The **Graham number** or **Benjamin Graham number** is a figure used in securities investing that measures a stock's so-called fair value.^{[1]} Named after Benjamin Graham, the founder of value investing, the Graham number can be calculated as follows:

The final number is, theoretically, the maximum price that a defensive investor should pay for the given stock. Put another way, a stock priced below the Graham Number would be considered a good value, if it also meets a number of other criteria.

The Number represents the geometric mean of the maximum that one would pay based on earnings and based on book value. Graham writes:^{[2]}

Current price should not be more than 11⁄2 times the book value last reported. However a multiplier of earnings below 15 could justify a correspondingly higher multiplier of assets. As a rule of thumb we suggest that the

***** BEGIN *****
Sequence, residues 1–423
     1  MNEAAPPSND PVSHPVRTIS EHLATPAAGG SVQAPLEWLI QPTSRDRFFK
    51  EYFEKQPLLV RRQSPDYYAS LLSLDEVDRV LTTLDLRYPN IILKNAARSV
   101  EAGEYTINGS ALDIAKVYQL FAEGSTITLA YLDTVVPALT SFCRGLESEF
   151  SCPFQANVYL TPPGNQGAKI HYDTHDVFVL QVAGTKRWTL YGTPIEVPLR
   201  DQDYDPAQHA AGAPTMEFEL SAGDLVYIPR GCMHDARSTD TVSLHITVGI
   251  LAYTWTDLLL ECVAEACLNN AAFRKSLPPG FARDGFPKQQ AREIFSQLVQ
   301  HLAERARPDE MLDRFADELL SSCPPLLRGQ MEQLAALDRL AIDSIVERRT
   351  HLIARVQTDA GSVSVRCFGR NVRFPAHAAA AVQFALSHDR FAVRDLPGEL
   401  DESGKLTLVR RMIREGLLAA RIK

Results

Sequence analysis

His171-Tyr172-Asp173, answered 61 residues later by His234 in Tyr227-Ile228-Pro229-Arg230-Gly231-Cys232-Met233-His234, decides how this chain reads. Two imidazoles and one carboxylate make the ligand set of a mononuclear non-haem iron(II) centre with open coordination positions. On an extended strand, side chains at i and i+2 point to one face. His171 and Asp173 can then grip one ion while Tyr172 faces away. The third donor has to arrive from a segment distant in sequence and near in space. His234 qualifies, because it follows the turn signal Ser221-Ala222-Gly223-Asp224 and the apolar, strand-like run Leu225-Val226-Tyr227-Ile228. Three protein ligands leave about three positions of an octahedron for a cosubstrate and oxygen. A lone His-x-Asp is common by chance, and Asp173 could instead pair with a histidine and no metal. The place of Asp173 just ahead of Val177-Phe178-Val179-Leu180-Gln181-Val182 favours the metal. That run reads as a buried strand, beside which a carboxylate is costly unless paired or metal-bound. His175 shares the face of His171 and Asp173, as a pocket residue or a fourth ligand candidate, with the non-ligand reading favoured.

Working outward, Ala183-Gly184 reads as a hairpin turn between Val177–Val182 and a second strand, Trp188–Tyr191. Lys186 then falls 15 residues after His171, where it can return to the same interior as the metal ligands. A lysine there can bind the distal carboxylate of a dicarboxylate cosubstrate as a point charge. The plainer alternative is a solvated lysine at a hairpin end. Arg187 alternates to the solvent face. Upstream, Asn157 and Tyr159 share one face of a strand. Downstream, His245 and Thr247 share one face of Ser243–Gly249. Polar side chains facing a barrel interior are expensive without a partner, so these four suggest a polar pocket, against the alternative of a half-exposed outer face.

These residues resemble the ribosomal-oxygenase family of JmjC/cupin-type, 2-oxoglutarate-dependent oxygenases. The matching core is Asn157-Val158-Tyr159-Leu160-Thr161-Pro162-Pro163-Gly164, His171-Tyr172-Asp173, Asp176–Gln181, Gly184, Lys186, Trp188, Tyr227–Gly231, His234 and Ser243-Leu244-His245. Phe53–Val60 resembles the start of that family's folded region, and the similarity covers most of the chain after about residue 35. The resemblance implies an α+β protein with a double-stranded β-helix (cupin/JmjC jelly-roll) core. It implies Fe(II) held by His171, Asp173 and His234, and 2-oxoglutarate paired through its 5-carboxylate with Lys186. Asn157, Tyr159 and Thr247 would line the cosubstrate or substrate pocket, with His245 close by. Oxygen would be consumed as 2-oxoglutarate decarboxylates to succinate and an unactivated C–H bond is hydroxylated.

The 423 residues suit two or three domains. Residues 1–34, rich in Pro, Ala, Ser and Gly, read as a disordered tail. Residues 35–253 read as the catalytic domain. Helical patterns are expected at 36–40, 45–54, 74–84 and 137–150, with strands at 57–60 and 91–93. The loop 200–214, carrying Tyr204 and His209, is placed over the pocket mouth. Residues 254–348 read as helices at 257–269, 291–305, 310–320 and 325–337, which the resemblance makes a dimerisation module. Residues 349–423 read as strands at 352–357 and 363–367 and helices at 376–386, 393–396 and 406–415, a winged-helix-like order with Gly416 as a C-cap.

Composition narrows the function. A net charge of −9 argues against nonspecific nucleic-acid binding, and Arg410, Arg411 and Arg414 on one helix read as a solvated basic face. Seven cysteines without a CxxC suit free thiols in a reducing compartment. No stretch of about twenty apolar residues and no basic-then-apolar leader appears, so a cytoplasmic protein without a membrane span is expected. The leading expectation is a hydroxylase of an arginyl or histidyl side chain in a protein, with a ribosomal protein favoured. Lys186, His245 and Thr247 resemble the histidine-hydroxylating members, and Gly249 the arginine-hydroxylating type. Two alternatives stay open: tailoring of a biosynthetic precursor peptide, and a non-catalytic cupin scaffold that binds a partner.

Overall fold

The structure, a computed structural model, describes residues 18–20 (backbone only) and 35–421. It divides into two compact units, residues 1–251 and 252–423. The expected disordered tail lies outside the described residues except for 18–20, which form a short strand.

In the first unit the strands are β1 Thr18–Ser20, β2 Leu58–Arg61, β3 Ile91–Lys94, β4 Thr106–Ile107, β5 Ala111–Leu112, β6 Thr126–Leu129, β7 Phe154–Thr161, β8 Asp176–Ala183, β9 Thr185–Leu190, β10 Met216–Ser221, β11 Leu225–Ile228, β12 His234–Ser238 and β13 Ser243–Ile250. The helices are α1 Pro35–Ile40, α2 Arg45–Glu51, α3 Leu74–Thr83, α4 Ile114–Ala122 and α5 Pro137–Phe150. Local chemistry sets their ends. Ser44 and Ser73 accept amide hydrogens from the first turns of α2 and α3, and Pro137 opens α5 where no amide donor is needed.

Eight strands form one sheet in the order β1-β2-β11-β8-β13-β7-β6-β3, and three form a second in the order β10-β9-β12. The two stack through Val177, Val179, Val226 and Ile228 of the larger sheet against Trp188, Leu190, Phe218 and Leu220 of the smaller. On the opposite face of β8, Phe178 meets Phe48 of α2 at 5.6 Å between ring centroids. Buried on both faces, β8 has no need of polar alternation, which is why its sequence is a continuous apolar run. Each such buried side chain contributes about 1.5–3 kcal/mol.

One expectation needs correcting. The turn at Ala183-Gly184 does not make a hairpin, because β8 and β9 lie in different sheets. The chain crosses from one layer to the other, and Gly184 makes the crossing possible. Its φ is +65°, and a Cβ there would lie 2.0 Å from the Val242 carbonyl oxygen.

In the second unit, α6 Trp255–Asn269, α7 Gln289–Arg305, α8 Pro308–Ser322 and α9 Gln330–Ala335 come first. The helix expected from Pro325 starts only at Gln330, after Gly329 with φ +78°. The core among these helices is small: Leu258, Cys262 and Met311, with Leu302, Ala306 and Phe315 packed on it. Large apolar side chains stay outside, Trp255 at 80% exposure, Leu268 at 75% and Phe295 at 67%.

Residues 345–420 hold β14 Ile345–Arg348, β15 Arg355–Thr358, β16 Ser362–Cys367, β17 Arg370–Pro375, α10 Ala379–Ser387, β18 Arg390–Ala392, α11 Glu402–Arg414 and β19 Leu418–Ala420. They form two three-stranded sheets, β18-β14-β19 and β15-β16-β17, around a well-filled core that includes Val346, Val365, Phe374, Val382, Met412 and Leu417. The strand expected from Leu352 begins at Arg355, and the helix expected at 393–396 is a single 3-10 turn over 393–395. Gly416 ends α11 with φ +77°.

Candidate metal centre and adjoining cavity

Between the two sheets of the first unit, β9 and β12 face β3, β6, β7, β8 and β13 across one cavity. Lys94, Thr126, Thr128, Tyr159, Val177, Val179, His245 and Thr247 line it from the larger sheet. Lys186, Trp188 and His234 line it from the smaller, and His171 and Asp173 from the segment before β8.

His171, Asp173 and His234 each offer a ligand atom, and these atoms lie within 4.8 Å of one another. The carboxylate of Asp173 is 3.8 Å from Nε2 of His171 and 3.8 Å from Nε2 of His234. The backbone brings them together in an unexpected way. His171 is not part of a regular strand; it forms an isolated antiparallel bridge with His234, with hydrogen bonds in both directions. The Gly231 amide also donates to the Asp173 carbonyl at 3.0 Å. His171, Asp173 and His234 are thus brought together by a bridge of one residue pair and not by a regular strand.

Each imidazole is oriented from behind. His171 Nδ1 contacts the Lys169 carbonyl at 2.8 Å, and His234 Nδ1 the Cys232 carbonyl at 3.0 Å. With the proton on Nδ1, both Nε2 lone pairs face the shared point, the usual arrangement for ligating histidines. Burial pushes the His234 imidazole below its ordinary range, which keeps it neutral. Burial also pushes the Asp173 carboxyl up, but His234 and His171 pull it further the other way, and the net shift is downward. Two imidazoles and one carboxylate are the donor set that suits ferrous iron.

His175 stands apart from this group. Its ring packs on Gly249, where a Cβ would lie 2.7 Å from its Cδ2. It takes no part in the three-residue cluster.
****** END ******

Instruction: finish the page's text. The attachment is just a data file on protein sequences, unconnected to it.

productof the multiplier times the ratio of price to book value should not exceed 22.5. (This figure corresponds to 15 times earnings and 11⁄2 times book value. It would admit an issue selling at only 9 times earnings and 2.5 times asset value, etc.)— Benjamin Graham, The Intelligent Investor, chapter 14

## Alternative calculation

Earnings per share is calculated by dividing *net income* by *shares outstanding*. Book value is another way of saying *shareholders' equity*. Therefore, book value per share is calculated by dividing *equity* by *shares outstanding*. Consequently, the formula for the Graham number can also be written as follows:

## References

**^**Investopedia: Definition of 'Graham Number'**^**Graham, Benjamin; Jason Zweig (1986-01-01) [1949]. "14".*The Intelligent Investor*. Warren E. Buffett (collaborator) (1986 ed.). HarperCollins. p. halfb00rowl_0/page/389 389. ISBN 0-06-0055544- Check`|isbn=`

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